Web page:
The Platinum will return plenty of precious holiday dreams for the family
WORDS & images Mark Allen
It’s a hard decision; do you run, quarter tumble and land flat on your back on the bottom bunk onto the LaLaloopsy pillow slip and doona covers, or hurl ya’ self up the ladder and flop onto the top bunk with Bob, or is it Kevin, or Dave … not sure which Minion it is to tell you the truth … all I know is it’s not one-eyed Stuart!
Casting my mind back when I was ‘that kid’, I always went for the top bunk … and pity help my poor sister if she got in my way! Given, I’m now a ‘grown up’, so if this van was mine I’d be reluctantly relegated to the queen-size inner-spring bed down the other end of this 19-foot 9inch family touring van. Not that that’s a bad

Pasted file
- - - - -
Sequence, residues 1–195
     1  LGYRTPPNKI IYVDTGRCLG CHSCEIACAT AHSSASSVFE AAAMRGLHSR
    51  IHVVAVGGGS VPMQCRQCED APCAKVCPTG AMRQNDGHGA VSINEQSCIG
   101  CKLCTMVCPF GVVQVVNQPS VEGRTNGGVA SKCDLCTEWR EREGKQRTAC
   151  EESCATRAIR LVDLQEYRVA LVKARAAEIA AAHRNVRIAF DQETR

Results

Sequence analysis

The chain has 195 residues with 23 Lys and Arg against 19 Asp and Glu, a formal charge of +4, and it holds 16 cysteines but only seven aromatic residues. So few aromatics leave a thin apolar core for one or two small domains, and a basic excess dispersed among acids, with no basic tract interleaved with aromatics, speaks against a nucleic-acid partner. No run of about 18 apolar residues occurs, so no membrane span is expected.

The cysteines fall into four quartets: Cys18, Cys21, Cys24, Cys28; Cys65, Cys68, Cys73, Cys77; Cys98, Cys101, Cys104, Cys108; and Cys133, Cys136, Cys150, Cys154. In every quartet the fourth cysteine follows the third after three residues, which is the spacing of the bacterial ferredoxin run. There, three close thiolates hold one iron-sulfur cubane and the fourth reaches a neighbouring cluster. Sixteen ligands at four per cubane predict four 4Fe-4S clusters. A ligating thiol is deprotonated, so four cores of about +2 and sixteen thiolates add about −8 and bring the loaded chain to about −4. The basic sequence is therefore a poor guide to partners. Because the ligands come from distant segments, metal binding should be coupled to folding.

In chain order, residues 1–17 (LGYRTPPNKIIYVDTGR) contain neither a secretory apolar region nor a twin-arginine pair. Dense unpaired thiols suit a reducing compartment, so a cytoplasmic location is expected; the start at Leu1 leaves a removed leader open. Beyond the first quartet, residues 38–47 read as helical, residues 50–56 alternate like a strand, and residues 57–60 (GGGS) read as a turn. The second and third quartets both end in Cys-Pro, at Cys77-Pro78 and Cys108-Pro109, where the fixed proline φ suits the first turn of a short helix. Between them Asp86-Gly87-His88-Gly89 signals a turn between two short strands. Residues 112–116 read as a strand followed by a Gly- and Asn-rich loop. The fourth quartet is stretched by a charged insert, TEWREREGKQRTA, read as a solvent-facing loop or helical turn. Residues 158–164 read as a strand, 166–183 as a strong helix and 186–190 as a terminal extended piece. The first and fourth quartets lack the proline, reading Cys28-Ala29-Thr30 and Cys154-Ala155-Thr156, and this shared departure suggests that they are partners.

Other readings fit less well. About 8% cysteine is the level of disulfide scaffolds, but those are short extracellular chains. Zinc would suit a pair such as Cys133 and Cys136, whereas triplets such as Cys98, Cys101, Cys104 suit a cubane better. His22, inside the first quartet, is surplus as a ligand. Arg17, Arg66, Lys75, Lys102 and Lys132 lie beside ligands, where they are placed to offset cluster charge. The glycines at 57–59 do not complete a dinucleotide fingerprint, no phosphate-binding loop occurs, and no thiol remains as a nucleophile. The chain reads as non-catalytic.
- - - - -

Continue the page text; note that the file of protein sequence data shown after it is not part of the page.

thing of course …
While JB Caravans offers a plethora of dirt road to extreme off-road caravans of varying lengths and layouts, the Dreamline Platinum is not meant to tackle those harsher terrains. Rather, it offers a modern, stylish, lighter weight and lower cost family orientated on-road van. While it is touted as an on-roader, that’s not to say you can’t hit the graded gravel tracks into your favorite national parks, visit the rellies out west on the farm or tour the lesser quality roads around our grand country – just don’t expect to tow this one to The Cape and back.
Most striking is the blue checker plate lower wall sections and wheel spats, blue colour-coded front and rear mid-height sections along with the blue decals, making the Platinum a standout without being too larish – bold but not in-ya-face, which I reckon is a good thing. That blue-shaded theme does not continue inside, however, well, except for that loveable Minion’s overalls on the bed covers. Inside, the hues are dominated by white and various tannish brown colours … can you tell colour picking is not my thing?